Kids love to snack, whether at home watching television or in the lunchroom with friends—but the type of snack they have can make an enormous difference in how many calories they actually eat! The new USDA nutrition standards have helped improve individual snack options in schools, but a study from Cornell University shows that variation may also play a role in eating behavior. Researchers put snack foods to the test and found that switching to a combination of healthier snacks can help kids eat far fewer calories but still feel full.
According to the study, foods can fall into one of two categories:
Researchers put these 2 snack types to the test by inviting kids to watch a popular TV show while munching on food from 1 of 4 possible snack trays:
Afterwards, the researchers looked at how much each child ate before feeling full—and the differences were enormous! Kids who had potato chips ate a whopping 620 calories, but kids who had the Cheese/Vegetable Combo only ate 170 calories—that’s 72% fewer calories just from switching to a healthy combo of snacks! All of the kids reported feeling full afterwards, so the healthy swap left them well-fed without feeling deprived.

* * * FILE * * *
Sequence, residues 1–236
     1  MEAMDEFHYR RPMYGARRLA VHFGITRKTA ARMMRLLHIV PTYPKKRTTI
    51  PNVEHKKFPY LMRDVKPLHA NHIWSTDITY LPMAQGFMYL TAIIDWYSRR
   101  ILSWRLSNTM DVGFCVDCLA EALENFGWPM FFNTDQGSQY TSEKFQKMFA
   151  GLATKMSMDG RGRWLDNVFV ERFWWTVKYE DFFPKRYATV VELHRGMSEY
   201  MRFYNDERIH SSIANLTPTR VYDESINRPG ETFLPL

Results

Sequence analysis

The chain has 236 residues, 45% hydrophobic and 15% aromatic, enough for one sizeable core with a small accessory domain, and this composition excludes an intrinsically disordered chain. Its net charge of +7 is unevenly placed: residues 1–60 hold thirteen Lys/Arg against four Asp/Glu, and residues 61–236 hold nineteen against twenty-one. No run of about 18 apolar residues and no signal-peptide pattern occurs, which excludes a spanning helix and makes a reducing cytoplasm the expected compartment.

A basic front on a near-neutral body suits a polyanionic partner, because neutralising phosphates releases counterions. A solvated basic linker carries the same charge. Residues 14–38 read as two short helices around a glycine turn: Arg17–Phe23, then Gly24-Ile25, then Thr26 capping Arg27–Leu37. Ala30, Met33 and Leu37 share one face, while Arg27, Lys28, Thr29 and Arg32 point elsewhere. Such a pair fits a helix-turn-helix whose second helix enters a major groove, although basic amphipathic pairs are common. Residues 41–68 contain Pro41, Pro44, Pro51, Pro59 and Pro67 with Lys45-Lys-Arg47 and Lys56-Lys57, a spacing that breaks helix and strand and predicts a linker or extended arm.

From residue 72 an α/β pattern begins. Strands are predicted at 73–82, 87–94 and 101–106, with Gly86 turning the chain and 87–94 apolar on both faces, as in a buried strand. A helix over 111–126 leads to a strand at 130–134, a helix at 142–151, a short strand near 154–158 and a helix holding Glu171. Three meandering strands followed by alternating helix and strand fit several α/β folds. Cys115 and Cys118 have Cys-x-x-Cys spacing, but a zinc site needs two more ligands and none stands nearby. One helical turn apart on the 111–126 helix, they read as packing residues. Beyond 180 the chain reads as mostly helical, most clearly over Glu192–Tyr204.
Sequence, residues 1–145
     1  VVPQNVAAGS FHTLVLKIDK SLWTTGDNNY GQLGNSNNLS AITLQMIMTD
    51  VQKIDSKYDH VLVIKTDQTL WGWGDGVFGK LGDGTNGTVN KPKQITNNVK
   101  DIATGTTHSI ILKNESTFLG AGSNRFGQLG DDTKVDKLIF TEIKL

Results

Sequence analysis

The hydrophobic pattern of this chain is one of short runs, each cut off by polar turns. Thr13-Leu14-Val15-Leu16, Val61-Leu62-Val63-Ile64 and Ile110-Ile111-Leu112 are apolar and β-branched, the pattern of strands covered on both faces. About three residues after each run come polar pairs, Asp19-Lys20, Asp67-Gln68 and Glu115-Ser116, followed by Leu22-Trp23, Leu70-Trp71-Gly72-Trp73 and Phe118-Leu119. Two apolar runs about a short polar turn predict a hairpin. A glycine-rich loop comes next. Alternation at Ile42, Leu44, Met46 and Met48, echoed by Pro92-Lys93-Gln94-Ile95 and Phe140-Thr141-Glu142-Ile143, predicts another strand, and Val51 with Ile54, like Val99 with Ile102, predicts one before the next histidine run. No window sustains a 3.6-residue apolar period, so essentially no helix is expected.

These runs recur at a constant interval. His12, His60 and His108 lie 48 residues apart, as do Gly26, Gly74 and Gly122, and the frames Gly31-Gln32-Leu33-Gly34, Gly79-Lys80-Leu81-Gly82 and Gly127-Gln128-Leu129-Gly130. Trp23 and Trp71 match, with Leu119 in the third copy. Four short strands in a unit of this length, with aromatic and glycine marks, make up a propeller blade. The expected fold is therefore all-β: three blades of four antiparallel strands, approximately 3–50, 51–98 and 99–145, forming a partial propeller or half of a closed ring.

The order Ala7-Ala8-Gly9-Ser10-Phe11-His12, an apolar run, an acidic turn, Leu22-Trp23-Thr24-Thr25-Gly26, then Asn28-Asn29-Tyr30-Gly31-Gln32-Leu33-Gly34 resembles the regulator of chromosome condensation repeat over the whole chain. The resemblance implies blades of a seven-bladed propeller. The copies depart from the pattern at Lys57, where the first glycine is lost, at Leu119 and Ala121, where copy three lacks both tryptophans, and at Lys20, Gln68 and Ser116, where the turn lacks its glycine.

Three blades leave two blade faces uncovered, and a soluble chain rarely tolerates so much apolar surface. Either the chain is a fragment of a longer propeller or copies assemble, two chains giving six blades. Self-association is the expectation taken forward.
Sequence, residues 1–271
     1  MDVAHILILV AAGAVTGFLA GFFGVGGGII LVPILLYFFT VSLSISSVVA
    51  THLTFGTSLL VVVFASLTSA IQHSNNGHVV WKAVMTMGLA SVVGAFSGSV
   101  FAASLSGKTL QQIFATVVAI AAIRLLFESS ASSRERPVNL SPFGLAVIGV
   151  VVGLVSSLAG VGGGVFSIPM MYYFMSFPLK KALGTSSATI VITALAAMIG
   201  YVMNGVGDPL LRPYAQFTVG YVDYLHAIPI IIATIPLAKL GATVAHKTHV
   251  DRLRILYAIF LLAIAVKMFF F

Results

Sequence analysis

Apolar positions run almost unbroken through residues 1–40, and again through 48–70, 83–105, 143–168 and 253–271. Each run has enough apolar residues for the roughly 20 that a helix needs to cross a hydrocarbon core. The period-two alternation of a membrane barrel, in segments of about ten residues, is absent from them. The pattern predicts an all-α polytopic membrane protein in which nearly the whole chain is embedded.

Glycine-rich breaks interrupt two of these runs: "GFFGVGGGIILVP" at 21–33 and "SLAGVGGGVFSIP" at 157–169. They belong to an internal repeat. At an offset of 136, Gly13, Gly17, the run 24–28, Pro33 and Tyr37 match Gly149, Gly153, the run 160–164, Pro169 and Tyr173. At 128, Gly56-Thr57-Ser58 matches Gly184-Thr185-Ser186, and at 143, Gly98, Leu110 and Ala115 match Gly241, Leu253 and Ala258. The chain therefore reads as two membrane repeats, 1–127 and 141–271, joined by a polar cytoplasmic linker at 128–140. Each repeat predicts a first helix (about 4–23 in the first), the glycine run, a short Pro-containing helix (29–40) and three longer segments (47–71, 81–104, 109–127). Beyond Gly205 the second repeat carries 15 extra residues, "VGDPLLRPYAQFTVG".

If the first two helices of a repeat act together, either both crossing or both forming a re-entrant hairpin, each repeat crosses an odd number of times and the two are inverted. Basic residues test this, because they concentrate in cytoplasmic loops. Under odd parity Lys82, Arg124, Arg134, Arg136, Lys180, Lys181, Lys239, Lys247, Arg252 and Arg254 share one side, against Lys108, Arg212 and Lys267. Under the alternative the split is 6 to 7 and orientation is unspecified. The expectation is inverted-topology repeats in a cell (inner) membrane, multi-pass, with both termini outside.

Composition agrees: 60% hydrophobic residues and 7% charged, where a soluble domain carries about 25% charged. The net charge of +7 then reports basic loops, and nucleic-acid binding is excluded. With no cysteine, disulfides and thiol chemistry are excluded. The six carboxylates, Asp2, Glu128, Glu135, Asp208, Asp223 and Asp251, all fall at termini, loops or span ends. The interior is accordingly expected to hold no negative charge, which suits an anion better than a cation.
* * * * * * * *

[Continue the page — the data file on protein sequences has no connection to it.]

To help cut calories, increase nutrition, and keep your child full, try these tips at home and when packing snacks for the lunchroom:
Even kids who ate cheese alone stopped snacking after 200 calories, which is an enormous improvement compared to the empty-calorie chips. Get rid of those junk foods and provide nutrient-dense snacks that are full of vitamins, protein, calcium, and fiber!
People eat more when there is a variety of food available, so combining different nutrient-dense snacks will give kids a big nutritional boost without a ton of calories. For example, this study combined cheese & vegetables: the cheese provided protein and calcium, while the vegetables had tons of vitamins and fiber.
Kelsey Gatto, Cornell University Food and Brand Lab
Wansink, B., Shimizu, M., & Brumberg, A. (2013). Association of nutrient-dense snack combinations with calories and vegetable intake. Pediatrics, 131(1), pp. 22-29.
Photo by Gandydancer / CC BY https://creativecommons.org/licenses/by-sa/3.0/deed.en